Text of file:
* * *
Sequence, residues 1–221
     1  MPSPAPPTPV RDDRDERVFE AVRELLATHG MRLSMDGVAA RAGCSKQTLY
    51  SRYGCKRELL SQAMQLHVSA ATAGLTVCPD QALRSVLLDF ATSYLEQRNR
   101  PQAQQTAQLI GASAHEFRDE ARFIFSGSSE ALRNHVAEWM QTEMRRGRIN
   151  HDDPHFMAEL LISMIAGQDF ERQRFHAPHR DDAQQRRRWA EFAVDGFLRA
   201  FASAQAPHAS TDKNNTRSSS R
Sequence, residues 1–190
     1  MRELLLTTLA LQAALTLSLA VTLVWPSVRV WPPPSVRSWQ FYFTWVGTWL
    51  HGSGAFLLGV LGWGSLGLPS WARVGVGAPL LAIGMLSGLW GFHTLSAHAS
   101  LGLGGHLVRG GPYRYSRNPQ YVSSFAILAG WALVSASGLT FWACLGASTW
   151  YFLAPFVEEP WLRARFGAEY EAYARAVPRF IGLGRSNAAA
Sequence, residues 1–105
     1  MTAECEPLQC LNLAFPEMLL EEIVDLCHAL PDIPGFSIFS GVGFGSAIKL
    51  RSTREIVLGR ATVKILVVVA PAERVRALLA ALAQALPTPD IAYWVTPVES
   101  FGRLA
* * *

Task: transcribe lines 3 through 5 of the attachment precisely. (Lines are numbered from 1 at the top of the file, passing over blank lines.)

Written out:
    51  SRYGCKRELL SQAMQLHVSA ATAGLTVCPD QALRSVLLDF ATSYLEQRNR
   101  PQAQQTAQLI GASAHEFRDE ARFIFSGSSE ALRNHVAEWM QTEMRRGRIN
   151  HDDPHFMAEL LISMIAGQDF ERQRFHAPHR DDAQQRRRWA EFAVDGFLRA